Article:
DDC compiles two related languages.
- The Disciple Source Language is what the user normally sees. It has type inference, type classes, field projections, and lots of pattern matching sugar to make the programs fun to write. The semantics of the source language is defined by giving a translation to the core language.
- The Disciple Core Language is what all of the optimisations are performed on. It is explicitly typed, and has a clean, well defined semantics. The user can write core programs explicitly, but there's more typing involved. 2011/12 -- this is the new core language, that is replacing the old one.
Both these languages are called "Disciple" because they are so strongly related. In future we may merge the two, so that one can write explicit type abstractions in the source program.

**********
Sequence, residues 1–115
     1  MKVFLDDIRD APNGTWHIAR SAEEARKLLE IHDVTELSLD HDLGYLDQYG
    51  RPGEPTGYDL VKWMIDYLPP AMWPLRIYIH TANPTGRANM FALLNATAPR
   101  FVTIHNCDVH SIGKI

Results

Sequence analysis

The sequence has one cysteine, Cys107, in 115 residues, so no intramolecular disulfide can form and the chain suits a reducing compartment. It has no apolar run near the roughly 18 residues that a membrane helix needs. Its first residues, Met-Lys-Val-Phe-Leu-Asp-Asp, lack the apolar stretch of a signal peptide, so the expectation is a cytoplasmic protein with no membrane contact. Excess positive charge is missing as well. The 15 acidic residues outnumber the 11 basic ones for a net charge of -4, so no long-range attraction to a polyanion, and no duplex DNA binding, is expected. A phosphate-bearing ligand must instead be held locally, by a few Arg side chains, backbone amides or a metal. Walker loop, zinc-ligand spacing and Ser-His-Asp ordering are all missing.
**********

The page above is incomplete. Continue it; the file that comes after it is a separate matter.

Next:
For discussion of the motivations of Disciple and DDC, please see the first chapter of: Type Inference and Optimisation for an Impure World
Possible improvements to the language are discussed in The Pony Farm
Gentle introduction to Disciple Source
The main differences from Haskell are:
- Strict EvaluationOrder is the default, but laziness can be introduced explicitly.
- All data objects support DestructiveUpdate.
- Type directed FieldProjections complement type classing.
- The EffectSystem tracks what computational effects are being used in a program, without the need for state monads.
- The ClassSystem ensures that effects and destructive update play nicely with laziness.
- ClosureTyping is used to track data sharing, and to preserve soundness in the presence of PolymorphicUpdate.